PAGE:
Nothing is foolproof to a sufficiently talented fool.

Saturday, June 17, 2006

Ghana Fly Now

The words I thought I brought I left behind, so never mind

Upsets are a big part of what makes tournaments worth following (witness the NCAA Men's Basketball tournament), and if that's true, then the World Cup football tournament just got a whole lot more interesting.

Only a short while ago this afternoon, the Czech Republic lost to underdog Ghana, 2-0. The Czech Republic came into the World Cup ranked 2nd in the world, trouncing 5th-ranked USA in their World Cup opening match, 3-0. Meanwhile, Ghana is barely ranked in the top 50 and hadn't beaten a European team in over 30 years.

Even if you're not completely into a particular sport (and I'll admit that I'm that way with soccer football), you can still find yourself being drawn in by the storyline as a major tournament or sporting event unfolds. Even more so with international tournaments, where the differences between the countries' training programs, economies, forms of government, even the continents they're on, can be immense. The World Cup is easily one of those events where just the basic make-up of the tournament creates a breeding ground for memorable, wacked-out things to happen.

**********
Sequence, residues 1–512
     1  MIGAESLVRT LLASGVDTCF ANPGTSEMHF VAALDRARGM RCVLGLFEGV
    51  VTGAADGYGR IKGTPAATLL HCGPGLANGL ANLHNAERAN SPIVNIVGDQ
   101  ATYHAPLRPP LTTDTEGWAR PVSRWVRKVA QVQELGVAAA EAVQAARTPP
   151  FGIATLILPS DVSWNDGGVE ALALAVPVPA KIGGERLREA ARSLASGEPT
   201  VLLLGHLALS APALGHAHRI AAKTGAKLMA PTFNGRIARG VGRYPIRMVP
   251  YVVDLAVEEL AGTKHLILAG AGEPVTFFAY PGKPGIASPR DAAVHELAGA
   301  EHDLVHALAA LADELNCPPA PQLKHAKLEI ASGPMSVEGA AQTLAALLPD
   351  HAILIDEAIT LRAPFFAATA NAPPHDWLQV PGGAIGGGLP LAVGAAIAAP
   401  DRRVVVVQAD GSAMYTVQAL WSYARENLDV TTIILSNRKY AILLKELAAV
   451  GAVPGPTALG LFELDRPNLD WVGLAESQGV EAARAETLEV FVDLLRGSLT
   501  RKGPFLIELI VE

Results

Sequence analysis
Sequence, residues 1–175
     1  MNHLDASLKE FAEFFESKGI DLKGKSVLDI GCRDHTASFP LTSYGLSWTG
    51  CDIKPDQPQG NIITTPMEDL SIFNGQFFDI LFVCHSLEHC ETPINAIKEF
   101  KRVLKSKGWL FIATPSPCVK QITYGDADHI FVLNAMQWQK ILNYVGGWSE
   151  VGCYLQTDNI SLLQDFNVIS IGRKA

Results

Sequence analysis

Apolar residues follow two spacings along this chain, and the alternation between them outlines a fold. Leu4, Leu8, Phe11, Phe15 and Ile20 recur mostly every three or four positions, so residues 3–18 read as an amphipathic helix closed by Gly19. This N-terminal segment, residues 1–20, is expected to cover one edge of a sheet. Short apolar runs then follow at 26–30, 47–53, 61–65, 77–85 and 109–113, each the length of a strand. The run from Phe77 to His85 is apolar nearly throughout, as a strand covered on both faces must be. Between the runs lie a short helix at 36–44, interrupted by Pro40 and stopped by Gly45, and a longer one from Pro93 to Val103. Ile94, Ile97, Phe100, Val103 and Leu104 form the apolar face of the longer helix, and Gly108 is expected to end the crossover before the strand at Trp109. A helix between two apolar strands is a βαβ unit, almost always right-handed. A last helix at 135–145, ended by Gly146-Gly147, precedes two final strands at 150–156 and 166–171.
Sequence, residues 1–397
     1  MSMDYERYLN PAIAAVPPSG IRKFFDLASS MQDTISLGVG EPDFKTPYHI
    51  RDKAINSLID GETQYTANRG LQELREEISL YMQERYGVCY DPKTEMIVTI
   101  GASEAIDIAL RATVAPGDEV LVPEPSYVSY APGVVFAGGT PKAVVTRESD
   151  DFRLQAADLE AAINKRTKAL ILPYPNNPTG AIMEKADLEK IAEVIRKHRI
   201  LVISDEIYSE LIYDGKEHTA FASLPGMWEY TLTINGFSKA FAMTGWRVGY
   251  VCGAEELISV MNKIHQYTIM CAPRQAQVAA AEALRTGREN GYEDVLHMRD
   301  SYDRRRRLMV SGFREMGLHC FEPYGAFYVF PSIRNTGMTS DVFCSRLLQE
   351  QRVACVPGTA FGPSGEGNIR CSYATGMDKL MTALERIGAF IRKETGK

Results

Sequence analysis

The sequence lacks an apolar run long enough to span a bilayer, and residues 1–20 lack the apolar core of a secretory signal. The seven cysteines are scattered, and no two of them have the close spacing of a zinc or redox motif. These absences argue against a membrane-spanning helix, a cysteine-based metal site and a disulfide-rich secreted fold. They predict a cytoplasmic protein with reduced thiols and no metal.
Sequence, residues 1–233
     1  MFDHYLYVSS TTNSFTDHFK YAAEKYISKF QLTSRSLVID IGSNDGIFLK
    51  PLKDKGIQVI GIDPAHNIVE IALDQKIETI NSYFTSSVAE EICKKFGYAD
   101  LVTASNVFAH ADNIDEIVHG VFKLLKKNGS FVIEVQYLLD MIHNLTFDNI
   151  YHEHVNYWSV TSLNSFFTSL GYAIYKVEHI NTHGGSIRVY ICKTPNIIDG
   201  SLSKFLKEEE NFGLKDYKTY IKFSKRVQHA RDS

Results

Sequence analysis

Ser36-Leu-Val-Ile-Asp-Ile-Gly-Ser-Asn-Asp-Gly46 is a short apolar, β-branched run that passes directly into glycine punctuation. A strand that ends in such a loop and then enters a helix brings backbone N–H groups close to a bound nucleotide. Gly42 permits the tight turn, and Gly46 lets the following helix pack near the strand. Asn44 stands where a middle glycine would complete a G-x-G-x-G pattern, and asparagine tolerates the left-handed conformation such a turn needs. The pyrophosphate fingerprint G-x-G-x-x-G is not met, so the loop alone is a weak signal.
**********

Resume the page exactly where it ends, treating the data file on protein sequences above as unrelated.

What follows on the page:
Oh, Balls!

In other news, thanks go to Off Wing Opinion, for pointing out that the balls being used during World Cup matches are made differently from regular soccer balls, causing them to flutter:

The new Adidas Teamgeist football, as it is called, has 14 panels instead of the 26 or 32 that traditionally create the hexagonal pattern. Fewer panels means fewer seams, which will make the ball behave more like a baseball.

Complex whirls of air cause a spinning ball to drift toward the side that's spinning away from the ball's direction of movement. A ball that's not spinning can bounce around unpredictably. Pitchers rely on this physics when throwing knuckleballs.


This seems like unnecessary trickery to me. Soccer Football has always been marketed as a "grassroots"-type of sport, I thought-- one where the kids in the sandlots could play using the same basic equipment that the top players in the world use. It doesn't seem fair to start using drastically different balls in the World Cup than are used during the rest of the year, in order to cross-up the goalies. This is almost like Major League Baseball using baseballs with different stitches just for the World Series, or the NFL using a different style of football just for the Super Bowl. I don't get it.

2 Comments:

Anonymous alanah said...

Now I'm wondering about alternative pucks for the NHL in such a scenario. Perhaps something the size of a breath mint? But with blinking interior lights! Could increase scoring - plus we all know how much TV liked that flashing puck idea a few years ago.

(Geez, I gotta stop it with the sarcasm - I might give the NHL some dumb new ideas...)

6/17/06, 7:48 PM

 
Blogger Brushback said...

Actually, I'm pretty sure that Charlie Finley tried to introduce an orange baseball back in the 70's. In any case, I almost swear I can see Major League Baseball definitely considering the possibilities here, now that their "juice" is being taken away from them.

6/17/06, 8:49 PM

 

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